• High 5348 Low 5214. Lighter volume again. A repeat of Monday.
  • Banks under pressure. Big Bank Basket $107.55.
  • Credit-related stocks hit hard.
  • Miners slip on BHP commodity price warnings.
  • Gold a bright spot.
  • Virgin no more.
  • June WTI futures up 5%.
  • Dow Futures down 80
  • 10-year bond yields steady at 0.85%
  • AUD slips to 63.13c.
  • Aussie gold rallies to $2676
  • Bitcoin falls to US$6855
  • Asian markets weaker with Japan down 2.1% and China down 1.5%.


  • MTS -13.49% acquisition concerns post raising.
  • EML -12.03% retail remains closed.
  • Z1P -11.40% BNPL under pressure.
  • WTC -12.51% yesterday’s large line weighs.
  • AVH -13.13% moving to the US.
  • EVN +5.05% quarterly results.
  • NCZ – IGO takes nearly 19% in placement.
  • ALG -20.83% shut downs continue.
  • AT1 -17.70% profit-taking.
  • ECX -14.49% FXL -12.20% credit stocks under pressure.
  • DTC +14.84% quarterly report.
  • CTX +1.20% revived bid talk.
  • PDN +4.76% presentation and uranium prices rising on production cuts.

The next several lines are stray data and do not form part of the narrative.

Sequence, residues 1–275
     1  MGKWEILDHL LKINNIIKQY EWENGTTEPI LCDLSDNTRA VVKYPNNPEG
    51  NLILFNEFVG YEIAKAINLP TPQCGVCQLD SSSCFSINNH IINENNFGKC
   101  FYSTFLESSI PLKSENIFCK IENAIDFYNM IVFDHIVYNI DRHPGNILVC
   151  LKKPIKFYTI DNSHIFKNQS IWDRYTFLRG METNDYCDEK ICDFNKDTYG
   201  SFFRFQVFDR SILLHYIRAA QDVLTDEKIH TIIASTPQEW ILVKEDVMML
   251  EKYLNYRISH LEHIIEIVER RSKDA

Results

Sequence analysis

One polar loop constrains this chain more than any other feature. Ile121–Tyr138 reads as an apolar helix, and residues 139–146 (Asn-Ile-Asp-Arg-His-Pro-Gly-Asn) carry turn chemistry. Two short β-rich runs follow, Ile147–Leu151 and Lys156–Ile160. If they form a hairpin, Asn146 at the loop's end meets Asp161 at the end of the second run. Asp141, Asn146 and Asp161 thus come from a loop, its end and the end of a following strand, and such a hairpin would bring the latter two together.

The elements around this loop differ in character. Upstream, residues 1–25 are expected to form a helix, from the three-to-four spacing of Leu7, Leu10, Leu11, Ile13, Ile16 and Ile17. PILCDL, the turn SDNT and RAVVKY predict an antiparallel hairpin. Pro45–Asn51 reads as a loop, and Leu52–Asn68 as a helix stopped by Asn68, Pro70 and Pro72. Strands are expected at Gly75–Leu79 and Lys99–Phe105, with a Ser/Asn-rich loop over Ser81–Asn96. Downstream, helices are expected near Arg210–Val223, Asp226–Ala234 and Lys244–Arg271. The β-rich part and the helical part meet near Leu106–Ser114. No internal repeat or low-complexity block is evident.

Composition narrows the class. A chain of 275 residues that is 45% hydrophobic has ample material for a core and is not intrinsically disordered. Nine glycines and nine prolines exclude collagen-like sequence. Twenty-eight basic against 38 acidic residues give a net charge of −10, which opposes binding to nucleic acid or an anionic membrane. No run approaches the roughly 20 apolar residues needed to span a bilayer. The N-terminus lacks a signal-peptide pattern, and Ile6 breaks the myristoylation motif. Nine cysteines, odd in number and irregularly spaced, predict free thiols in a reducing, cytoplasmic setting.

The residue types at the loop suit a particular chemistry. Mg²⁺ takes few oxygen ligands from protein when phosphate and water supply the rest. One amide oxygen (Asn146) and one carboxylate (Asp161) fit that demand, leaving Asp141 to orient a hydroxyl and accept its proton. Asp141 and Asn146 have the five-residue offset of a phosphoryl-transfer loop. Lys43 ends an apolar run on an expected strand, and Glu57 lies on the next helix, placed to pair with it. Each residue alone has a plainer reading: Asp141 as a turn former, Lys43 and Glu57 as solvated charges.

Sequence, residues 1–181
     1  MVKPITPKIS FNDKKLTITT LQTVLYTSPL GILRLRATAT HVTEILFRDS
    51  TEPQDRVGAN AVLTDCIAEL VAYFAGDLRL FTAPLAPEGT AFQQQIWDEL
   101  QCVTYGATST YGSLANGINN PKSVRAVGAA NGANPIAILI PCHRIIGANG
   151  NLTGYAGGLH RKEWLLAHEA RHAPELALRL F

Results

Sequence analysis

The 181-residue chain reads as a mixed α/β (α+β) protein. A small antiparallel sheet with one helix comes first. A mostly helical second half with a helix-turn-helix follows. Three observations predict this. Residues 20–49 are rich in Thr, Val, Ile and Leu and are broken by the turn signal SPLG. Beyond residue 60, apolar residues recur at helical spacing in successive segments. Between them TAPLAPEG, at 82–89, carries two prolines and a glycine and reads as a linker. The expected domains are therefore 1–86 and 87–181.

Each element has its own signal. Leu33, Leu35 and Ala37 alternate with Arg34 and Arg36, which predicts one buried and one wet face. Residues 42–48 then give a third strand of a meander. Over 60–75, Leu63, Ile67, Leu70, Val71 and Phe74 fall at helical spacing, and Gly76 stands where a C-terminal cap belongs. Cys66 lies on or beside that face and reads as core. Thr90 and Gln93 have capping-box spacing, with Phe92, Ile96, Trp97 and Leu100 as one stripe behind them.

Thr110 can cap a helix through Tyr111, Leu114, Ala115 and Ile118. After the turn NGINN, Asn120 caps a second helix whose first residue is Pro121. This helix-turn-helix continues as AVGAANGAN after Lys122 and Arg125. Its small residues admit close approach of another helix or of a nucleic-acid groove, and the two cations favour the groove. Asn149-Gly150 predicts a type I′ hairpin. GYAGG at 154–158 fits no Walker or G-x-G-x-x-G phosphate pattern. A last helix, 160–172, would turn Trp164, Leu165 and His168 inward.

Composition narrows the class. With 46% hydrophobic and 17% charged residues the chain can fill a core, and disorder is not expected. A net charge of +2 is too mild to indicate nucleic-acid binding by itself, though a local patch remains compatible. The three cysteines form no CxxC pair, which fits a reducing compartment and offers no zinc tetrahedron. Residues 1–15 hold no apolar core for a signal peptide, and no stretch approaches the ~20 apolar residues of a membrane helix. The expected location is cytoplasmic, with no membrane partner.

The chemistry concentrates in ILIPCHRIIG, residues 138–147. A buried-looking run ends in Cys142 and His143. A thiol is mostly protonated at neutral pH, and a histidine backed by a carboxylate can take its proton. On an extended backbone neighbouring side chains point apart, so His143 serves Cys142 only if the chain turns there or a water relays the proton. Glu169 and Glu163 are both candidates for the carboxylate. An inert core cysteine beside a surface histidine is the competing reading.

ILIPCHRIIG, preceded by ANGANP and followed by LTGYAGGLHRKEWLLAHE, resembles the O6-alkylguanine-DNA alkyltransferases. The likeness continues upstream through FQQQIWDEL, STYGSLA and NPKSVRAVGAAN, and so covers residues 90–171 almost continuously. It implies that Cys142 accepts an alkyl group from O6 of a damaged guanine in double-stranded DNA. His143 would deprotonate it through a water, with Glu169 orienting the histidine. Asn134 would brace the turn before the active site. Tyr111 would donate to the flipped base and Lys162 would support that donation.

• NEA +3.33% no impact from CV19.
  • HM1 +1.14% NTA backing.
  • KGN +1.54% positive update on sales and active users.
  • Speculative stock of the day: VIP Gloves (VIP) +77.14% update on the impact of CV19. The order book is full until December, orders represent the production of approximately one hundred (100) 40-foot shipping containers of nitrile gloves, each container holding up to 4m gloves.
  • Biggest Rises: EVN, ACG, RRL, NST, SLR, NEA and ERA.
  • Biggest Falls: MTS, AVH, WTC, EML, Z1P, PRN and EOS.


  • BHP Group (BHP) –2.50% Q3 Iron ore production came in at 60kt v 56kt a year ago, in line with UBS estimates and on track with guidance. Petroleum and metallurgical coal guidance were unchanged. Guidance for copper is under review following the temporary suspension of operations along with energy coal. Nickel guidance now 80-83kt vs prior 87kt. FY unit cost guidance remains steady. Production for petroleum, copper, iron ore, metallurgical coal & energy coal was weaker vs the December quarter. Capex anticipated to be lower than the current guidance of US$8bn. CEO comments, “while demand in China has strengthened in recent weeks, we expect other major economies, including the US, Europe, and India, to contract sharply in the June 2020 quarter.”